Is the mechanisation of catching broilers a welfare improvement?
In most European countries broilers are currently caught manually: broilers are caught by the leg, inverted and carried by a catcher with 3–4 birds in each hand. This method of catching broiler chickens is a welfare concern as it causes severe stress to the birds. A possible alternative
to manual catching may be mechanical catching. The aim of this study was to compare the level of stress and injuries of broilers caught manually or with a harvesting machine (CIEMME Super Apollo L harvester) under commercial conditions. The results indicated that there was no significant difference
in plasma corticosterone concentrations and duration of tonic immobility, which suggested that mechanically caught broilers were no more stressed than those caught manually. At the end of the catching process, mechanically caught broilers had even lower plasma corticosterone concentrations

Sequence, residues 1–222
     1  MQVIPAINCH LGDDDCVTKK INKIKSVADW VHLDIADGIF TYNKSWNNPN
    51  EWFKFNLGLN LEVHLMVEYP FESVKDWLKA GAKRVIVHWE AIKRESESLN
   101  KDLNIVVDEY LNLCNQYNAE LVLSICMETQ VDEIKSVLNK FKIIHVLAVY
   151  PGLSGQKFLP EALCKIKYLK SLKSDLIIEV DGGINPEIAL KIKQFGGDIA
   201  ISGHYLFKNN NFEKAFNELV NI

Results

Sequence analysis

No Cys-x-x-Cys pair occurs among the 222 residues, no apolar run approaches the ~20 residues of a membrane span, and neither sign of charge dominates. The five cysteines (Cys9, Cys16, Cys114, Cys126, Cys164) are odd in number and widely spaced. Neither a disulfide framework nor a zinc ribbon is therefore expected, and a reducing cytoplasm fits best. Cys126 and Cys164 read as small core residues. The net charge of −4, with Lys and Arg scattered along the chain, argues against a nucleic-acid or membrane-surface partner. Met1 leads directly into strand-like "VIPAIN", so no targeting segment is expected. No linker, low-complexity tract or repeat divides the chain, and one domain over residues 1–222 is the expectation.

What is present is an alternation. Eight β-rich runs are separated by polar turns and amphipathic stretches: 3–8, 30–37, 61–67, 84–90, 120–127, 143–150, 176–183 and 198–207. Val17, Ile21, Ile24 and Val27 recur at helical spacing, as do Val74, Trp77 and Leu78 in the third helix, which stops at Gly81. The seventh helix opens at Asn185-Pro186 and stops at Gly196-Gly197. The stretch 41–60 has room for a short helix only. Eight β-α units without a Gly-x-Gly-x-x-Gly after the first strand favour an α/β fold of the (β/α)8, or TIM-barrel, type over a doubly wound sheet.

and shorter durations of tonic immobility, indicating that at this moment these broilers were less stressed than the manually caught birds. The incidence of wing haemorrhages was also reduced for broilers caught mechanically; however, there was no significant difference in the incidence of
haemorrhages in the breast or legs between the two catching methods. As injuries are associated with pain and stress, this parameter is important not only for the welfare of the birds but also for product quality and the subsequent financial return. Therefore, it can be concluded that the
use of the mechanical harvesting machine, CIEMME Super Apollo L, appears to be a good alternative to manual catching. Nevertheless, some aspects of mechanical catching require further improvement.